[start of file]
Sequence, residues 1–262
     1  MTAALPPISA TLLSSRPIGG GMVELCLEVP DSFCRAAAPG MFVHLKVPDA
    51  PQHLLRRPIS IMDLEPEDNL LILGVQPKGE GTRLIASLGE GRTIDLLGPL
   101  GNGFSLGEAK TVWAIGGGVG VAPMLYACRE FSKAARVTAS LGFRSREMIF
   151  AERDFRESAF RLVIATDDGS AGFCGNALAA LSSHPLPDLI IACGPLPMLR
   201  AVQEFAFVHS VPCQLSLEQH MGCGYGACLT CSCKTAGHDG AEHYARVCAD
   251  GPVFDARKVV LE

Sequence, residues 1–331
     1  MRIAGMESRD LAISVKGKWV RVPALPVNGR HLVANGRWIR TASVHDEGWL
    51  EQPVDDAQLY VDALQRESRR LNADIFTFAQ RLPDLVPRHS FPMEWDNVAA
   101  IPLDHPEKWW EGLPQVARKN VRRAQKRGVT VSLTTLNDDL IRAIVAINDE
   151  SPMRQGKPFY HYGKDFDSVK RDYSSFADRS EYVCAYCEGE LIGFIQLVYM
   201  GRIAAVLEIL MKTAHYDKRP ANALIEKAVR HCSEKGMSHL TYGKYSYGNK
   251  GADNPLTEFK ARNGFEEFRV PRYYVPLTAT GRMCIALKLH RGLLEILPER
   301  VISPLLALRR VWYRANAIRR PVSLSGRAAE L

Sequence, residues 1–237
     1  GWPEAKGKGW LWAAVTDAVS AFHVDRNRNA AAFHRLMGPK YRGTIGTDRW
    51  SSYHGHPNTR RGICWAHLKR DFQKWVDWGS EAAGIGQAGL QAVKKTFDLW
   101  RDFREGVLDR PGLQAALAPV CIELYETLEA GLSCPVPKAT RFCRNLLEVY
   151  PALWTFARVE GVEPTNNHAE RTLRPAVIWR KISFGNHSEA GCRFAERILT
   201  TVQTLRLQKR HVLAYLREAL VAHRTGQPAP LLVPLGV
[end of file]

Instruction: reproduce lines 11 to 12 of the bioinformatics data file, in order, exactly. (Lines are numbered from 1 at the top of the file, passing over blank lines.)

   101  IPLDHPEKWW EGLPQVARKN VRRAQKRGVT VSLTTLNDDL IRAIVAINDE
   151  SPMRQGKPFY HYGKDFDSVK RDYSSFADRS EYVCAYCEGE LIGFIQLVYM